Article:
# Convert pandas dataframe to NumPy array

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Convert pandas dataframe to NumPy array

I am interested in knowing how to convert a pandas dataframe into a NumPy array.

dataframe:

``````import numpy as np
import pandas as pd
index = [1, 2, 3, 4, 5, 6, 7]
a = [np.nan, np.nan, np.nan, 0.1, 0.1, 0.1, 0.1]
b = [0.2, np.nan, 0.2, 0.2, 0.2, np.nan, np.nan]
c = [np.nan, 0.5, 0.5, np.nan, 0.5, 0.5, np.nan]
df = pd.DataFrame({'A': a, 'B': b, 'C': c}, index=index)
df = df.rename_axis('ID')
``````

gives

``````label   A    B    C
ID
1   NaN  0.2  NaN
2   NaN  NaN  0.5
3   NaN  0.2  0.5
4   0.1  0.2  NaN
5   0.1  0.2  0.5
6   0.1  NaN  0.5
7   0.1  NaN  NaN
``````

I would like to convert this to a NumPy array, as so:

``````array([[ nan,  0.2,  nan],
[ nan,  nan,  0.5],
[ nan,  0.2,  0.5],
[ 0.1,  0.2,  nan],
[ 0.1,  0.2,  0.5],
[ 0.1,  nan,  0.5],
[ 0.1,  nan,  nan]])
``````

How can I do this?

As a bonus, is it possible to preserve the dtypes, like this?

``````array([[ 1, nan,  0.2,  nan],
[ 2, nan,  nan,  0.5],
[ 3, nan,  0.2,  0.5],
[ 4, 0.1,  0.2,  nan],
[ 5, 0.1,  0.2,  0.5],
[ 6, 0.1,  nan,  0.5],
[ 7, 0.1,  nan,  nan]],
dtype=[('ID', '<i4'), ('A', '<f8'), ('B', '<f8'), ('B', '<f8')])
``````

or similar?

To convert a pandas dataframe (df) to a numpy ndarray, use this code:

``````df.values
array([[nan, 0.2, nan],
[nan, nan, 0.5],
[nan, 0.2, 0.5],
[0.1, 0.2, nan],
[0.1, 0.2, 0.5],
[0.1, nan, 0.5],
[0.1, nan, nan]])
``````

# `df.to_numpy()` is better than `df.values`, here’s why.*

It’s time to deprecate your usage of `values` and `as_matrix()`.

pandas `v0.24.0` introduced two new methods for obtaining NumPy arrays from pandas objects:

1. `to_numpy()`, which is defined on `Index`, `Series`, and `DataFrame` objects, and
2. `array`, which is defined on `Index` and `Series` objects only.

If you visit the v0.24 docs for `.values`, you will see a big red warning that says:

### Warning: We recommend using `DataFrame.to_numpy()` instead.

* – `to_numpy()` is my recommended method for any production code that needs to run reliably for many versions into the future. However if you’re just making a scratchpad in jupyter or the terminal, using `.values` to save a few milliseconds of typing is a permissable exception. You can always add the fit n finish later.

# Towards Better Consistency: `to_numpy()`

In the spirit of better consistency throughout the API, a new method `to_numpy` has been introduced to extract the underlying NumPy array from DataFrames.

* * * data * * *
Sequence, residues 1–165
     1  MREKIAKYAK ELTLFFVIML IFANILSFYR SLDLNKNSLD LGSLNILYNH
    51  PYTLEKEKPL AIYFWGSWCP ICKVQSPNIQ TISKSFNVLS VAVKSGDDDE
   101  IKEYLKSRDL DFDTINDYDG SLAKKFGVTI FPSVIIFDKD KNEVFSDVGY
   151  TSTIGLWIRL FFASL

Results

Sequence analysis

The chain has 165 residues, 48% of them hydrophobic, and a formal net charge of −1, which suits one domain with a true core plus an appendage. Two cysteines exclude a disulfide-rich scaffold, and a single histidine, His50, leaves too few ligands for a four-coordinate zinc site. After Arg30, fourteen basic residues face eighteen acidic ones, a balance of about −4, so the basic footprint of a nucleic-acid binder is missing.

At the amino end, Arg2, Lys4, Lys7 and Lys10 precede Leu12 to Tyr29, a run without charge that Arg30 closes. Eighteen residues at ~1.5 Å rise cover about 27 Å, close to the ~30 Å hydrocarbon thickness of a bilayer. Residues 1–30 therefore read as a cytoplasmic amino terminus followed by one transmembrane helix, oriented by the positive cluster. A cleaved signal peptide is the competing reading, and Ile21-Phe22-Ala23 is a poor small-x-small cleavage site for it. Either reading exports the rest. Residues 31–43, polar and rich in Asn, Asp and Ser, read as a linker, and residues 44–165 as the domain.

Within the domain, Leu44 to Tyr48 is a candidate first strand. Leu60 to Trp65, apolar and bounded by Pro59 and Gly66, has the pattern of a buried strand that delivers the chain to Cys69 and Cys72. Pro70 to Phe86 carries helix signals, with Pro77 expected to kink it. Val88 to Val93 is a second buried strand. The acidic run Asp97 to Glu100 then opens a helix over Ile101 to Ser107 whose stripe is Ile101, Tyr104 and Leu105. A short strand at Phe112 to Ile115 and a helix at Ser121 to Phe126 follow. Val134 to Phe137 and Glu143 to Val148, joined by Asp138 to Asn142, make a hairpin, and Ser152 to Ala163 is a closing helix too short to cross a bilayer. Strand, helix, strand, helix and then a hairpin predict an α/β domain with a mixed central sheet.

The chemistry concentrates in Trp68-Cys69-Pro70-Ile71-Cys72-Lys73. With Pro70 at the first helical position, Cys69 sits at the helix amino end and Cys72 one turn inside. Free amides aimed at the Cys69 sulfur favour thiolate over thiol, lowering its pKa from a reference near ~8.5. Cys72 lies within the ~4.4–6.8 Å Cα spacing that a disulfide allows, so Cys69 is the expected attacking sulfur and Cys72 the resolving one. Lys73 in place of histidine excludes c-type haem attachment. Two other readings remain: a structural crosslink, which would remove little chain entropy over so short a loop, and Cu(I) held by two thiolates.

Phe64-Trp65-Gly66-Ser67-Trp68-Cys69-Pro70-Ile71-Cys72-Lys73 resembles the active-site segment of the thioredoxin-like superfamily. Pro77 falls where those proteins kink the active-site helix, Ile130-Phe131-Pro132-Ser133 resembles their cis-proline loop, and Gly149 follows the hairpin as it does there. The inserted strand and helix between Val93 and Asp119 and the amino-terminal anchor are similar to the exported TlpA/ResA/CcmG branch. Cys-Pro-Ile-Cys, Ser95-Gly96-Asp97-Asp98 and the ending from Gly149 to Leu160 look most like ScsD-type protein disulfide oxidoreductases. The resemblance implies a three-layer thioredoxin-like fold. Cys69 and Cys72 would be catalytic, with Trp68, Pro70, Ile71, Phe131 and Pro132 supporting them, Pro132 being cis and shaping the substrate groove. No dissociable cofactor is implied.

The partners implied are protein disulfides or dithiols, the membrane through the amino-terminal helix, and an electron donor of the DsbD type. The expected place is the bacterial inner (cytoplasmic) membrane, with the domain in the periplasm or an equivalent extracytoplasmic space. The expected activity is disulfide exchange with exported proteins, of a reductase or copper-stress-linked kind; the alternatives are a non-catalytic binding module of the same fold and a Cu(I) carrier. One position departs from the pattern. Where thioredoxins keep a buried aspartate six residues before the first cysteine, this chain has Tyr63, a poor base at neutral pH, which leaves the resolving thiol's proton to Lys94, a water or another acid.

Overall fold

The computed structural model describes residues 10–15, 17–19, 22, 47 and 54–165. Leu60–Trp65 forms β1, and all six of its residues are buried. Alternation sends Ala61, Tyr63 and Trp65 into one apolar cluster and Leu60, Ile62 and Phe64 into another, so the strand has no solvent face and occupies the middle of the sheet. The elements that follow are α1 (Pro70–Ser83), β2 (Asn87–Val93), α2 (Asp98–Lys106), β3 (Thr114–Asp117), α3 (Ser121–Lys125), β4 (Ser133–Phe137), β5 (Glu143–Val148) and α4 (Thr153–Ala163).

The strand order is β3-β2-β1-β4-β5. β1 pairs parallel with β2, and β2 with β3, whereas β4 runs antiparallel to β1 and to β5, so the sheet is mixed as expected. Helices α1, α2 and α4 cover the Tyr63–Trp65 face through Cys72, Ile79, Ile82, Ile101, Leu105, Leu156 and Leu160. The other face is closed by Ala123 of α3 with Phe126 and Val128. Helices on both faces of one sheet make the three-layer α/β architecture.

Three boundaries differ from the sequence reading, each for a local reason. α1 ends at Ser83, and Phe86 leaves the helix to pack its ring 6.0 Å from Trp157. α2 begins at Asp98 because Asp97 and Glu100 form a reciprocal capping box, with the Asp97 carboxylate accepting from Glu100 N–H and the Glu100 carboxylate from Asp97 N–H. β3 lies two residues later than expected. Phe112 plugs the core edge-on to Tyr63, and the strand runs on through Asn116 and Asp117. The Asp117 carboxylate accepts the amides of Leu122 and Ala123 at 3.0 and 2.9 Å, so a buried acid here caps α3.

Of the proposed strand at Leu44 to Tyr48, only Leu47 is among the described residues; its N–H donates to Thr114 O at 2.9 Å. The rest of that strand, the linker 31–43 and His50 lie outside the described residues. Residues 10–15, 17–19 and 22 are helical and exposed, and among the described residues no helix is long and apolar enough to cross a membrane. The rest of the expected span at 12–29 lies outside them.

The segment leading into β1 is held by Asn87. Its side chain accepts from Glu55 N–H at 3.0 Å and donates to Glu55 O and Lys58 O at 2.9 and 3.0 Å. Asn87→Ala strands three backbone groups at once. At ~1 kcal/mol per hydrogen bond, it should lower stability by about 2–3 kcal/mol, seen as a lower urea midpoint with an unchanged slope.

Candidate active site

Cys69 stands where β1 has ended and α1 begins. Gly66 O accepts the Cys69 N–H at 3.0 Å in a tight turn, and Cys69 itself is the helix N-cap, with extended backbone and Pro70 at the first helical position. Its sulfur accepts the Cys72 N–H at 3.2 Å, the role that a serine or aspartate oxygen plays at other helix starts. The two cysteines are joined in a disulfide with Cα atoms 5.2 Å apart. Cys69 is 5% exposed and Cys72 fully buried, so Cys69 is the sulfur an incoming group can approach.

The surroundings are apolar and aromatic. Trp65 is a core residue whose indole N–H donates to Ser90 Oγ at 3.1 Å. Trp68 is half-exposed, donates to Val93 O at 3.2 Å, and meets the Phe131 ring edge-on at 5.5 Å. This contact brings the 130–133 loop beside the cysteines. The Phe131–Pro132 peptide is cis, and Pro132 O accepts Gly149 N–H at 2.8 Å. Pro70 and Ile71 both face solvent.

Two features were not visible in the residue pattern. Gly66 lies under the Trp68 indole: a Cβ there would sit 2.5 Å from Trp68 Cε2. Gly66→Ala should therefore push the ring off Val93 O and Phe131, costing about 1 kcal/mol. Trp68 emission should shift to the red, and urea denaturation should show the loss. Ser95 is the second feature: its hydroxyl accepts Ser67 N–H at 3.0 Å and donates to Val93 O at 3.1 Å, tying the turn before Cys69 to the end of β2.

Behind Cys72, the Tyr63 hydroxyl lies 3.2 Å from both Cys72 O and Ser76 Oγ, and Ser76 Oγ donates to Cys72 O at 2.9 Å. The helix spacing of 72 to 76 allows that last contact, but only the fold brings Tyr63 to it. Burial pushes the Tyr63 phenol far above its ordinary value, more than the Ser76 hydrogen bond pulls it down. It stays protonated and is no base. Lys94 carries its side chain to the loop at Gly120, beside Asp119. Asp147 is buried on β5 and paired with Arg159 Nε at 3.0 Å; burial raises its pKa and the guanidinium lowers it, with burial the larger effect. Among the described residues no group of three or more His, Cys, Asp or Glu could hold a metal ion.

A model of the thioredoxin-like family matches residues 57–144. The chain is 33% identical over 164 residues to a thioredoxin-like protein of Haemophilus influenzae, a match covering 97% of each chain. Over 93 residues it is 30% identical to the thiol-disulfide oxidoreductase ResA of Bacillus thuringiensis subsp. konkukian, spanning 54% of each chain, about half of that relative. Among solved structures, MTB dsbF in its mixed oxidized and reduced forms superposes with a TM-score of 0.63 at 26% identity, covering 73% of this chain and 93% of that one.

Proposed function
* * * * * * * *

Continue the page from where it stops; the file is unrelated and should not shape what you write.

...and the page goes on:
``````# Setup
df = pd.DataFrame(data={'A': [1, 2, 3], 'B': [4, 5, 6], 'C': [7, 8, 9]},
index=['a', 'b', 'c'])
# Convert the entire DataFrame
df.to_numpy()
# array([[1, 4, 7],
#        [2, 5, 8],
#        [3, 6, 9]])
# Convert specific columns
df[['A', 'C']].to_numpy()
# array([[1, 7],
#        [2, 8],
#        [3, 9]])
``````

As mentioned above, this method is also defined on `Index` and `Series` objects (see here).

``````df.index.to_numpy()
# array(['a', 'b', 'c'], dtype=object)
df['A'].to_numpy()
#  array([1, 2, 3])
``````

By default, a view is returned, so any modifications made will affect the original.

``````v = df.to_numpy()
v[0, 0] = -1
df
A  B  C
a -1  4  7
b  2  5  8
c  3  6  9
``````

If you need a copy instead, use `to_numpy(copy=True)`.

### pandas >= 1.0 update for ExtensionTypes

If you’re using pandas 1.x, chances are you’ll be dealing with extension types a lot more. You’ll have to be a little more careful that these extension types are correctly converted.

``````a = pd.array([1, 2, None], dtype="Int64")
a
<IntegerArray>
[1, 2, <NA>]
Length: 3, dtype: Int64
# Wrong
a.to_numpy()
# array([1, 2, <NA>], dtype=object)  # yuck, objects
# Correct
a.to_numpy(dtype='float', na_value=np.nan)
# array([ 1.,  2., nan])
# Also correct
a.to_numpy(dtype='int', na_value=-1)
# array([ 1,  2, -1])
``````

This is called out in the docs.

### If you need the `dtypes` in the result…

As shown in another answer, `DataFrame.to_records` is a good way to do this.

``````df.to_records()
# rec.array([('a', 1, 4, 7), ('b', 2, 5, 8), ('c', 3, 6, 9)],
#           dtype=[('index', 'O'), ('A', '<i8'), ('B', '<i8'), ('C', '<i8')])
``````

This cannot be done with `to_numpy`, unfortunately. However, as an alternative, you can use `np.rec.fromrecords`:

``````v = df.reset_index()
np.rec.fromrecords(v, names=v.columns.tolist())
# rec.array([('a', 1, 4, 7), ('b', 2, 5, 8), ('c', 3, 6, 9)],
#           dtype=[('index', '<U1'), ('A', '<i8'), ('B', '<i8'), ('C', '<i8')])
``````

Performance wise, it’s nearly the same (actually, using `rec.fromrecords` is a bit faster).

``````df2 = pd.concat([df] * 10000)
%timeit df2.to_records()
%%timeit
v = df2.reset_index()
np.rec.fromrecords(v, names=v.columns.tolist())
12.9 ms ± 511 µs per loop (mean ± std. dev. of 7 runs, 100 loops each)
9.56 ms ± 291 µs per loop (mean ± std. dev. of 7 runs, 100 loops each)
``````

# Rationale for Adding a New Method

`to_numpy()` (in addition to `array`) was added as a result of discussions under two GitHub issues GH19954 and GH23623.

Specifically, the docs mention the rationale:

[…] with `.values` it was unclear whether the returned value would be the
actual array, some transformation of it, or one of pandas custom
arrays (like `Categorical`). For example, with `PeriodIndex`, `.values`
generates a new `ndarray` of period objects each time. […]

`to_numpy` aims to improve the consistency of the API, which is a major step in the right direction. `.values` will not be deprecated in the current version, but I expect this may happen at some point in the future, so I would urge users to migrate towards the newer API, as soon as you can.

# Critique of Other Solutions

`DataFrame.values` has inconsistent behaviour, as already noted.

`DataFrame.get_values()` is simply a wrapper around `DataFrame.values`, so everything said above applies.

`DataFrame.as_matrix()` is deprecated now, do NOT use!

Note: The `.as_matrix()` method used in this answer is deprecated. Pandas 0.23.4 warns: